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Pixar does it again...this time with superheroes
On the surface, The Incredibles is a superhero movie, but in truth, it's a movie about superheroes. It's a small difference, but an important one. Sure, there are big superhero battles, villains and the usual comic-book trappings, but those are just part of the story. The more important aspects are the family interaction, the struggles of being different and being true to one's self. That may sound like an afterschool special, but in the hands of the Pixar storytellers, they are the hallmarks of a film classic.
The plot follows the life of Bob Parr ("Coach"'s Craig T. Nelson), an insurance company worker, who at one point was Mr. Incredible, a super-strong defender of innocent people. Then a few lawsuits started a crackdown on superheroes, forcing him into seclusion, so he married a fellow hero, Helen, a.k.a. Elastigirl (Holly Hunter), and settled into suburban life. Now, he's going through a super-midlife crisis, missing his days as someone special; someone who made a difference. While his wife has adjusted to being a mom swimmingly, Bob is bored and frustrated, much like his kids, Dash and Violet, who don't understand why they have to keep their own powers secret.
With his friend Lucius (Samuel L. Jackson), who was once the icy hero Frozone, Bob tries to keep his skill sharp, listening to the police scanner and responding first. His actions draw the attention of a shadowy operative who has an offer Bob can't refuse, or rather wouldn't want to. He's also drawn the attention of someone from his past who isn't on friendly terms. Bob might be in over his head, and his family are the only ones that can help him. The final hour of the film is almost non-stop action, with some truly incredible and well-choreographed set pieces that are thrilling and exciting.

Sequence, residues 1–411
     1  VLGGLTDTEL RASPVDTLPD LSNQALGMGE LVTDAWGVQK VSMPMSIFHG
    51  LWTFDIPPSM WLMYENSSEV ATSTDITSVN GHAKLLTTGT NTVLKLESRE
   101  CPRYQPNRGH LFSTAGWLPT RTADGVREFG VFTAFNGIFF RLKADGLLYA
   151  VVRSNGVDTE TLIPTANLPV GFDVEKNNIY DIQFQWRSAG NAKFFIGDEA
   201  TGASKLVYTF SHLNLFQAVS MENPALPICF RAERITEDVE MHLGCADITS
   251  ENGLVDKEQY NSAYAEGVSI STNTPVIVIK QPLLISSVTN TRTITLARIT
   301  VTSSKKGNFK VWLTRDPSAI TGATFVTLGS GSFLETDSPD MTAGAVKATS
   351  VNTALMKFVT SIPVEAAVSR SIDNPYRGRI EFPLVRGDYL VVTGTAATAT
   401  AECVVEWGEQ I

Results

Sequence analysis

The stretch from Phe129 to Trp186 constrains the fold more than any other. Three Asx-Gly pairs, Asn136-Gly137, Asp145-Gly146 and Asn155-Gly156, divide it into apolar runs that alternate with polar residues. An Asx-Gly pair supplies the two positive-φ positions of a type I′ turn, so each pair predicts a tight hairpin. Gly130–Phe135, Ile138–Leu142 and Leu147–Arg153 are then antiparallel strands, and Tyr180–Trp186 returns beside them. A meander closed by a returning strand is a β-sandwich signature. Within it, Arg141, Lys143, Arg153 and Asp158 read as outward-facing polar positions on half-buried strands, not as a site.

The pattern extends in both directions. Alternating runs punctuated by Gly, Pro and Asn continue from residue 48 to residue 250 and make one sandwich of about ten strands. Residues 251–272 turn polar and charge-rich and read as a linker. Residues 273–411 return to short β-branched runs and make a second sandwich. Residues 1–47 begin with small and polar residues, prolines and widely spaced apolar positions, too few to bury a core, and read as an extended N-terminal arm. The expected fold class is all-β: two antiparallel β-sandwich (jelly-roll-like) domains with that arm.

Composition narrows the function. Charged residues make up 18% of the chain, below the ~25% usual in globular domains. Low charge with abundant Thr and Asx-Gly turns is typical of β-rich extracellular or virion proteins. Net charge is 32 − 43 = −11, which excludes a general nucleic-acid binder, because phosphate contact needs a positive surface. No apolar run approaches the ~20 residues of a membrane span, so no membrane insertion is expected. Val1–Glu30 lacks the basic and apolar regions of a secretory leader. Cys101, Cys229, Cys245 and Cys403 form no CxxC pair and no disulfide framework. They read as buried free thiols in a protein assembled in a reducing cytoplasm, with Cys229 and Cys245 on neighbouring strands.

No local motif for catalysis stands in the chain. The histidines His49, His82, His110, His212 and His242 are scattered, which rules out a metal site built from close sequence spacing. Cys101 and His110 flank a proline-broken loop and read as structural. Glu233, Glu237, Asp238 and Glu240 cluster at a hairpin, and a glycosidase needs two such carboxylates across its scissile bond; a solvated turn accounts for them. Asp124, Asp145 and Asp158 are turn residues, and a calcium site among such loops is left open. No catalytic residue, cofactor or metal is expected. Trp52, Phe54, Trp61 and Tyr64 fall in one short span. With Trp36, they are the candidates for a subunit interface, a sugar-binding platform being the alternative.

While the hero work is the big picture, the film is made up of smaller, more intimate moments that make the bigger action scenes mean something. Key among them are the family strife between Bob and Helen over Helen's desire for stability and Bob's wishes for adventure and the idea that Dash and Violet aren't allowed to be special for fear of them standing out. These aren't ideas unique to superheroes, but are universal to people the world over. Because of these family moments, the audience actually cares about whether Bob and his family can overcome their adversaries. It's amazing how often the idea of personality is forgotten when it comes to heroes.
This outstanding balance of action and emotion should come as no surprise to anyone who watched director Brad Bird's previous hit, The Iron Giant. Bird knows how to play the two sides of a story off each other to create a story that both enthralls and evokes feelings. Here he's done it in a way that's less introspective than The Iron Giant, but just as meaningful. When Helen protects her children one moment and yells at them the next, she's more real than the characters humans portray in most films. That's what's so impressive about films like this from Pixar. The technology is, of course, the focus, with new heights in animation reached, but the story remains just as important in the end.
Interestingly, this is the first Pixar film rated anything harder than G. It's the action that earned the rating, but it's the fact that the characters are all humans that probably caused the MPAA to make The Incredibles a PG film. Instead of toys, bugs or fish, these are people in danger, and that never sits well with parents and the other babysitting concern-mongers. Somehow they never noticed that the rest of the films have human emotion at their core.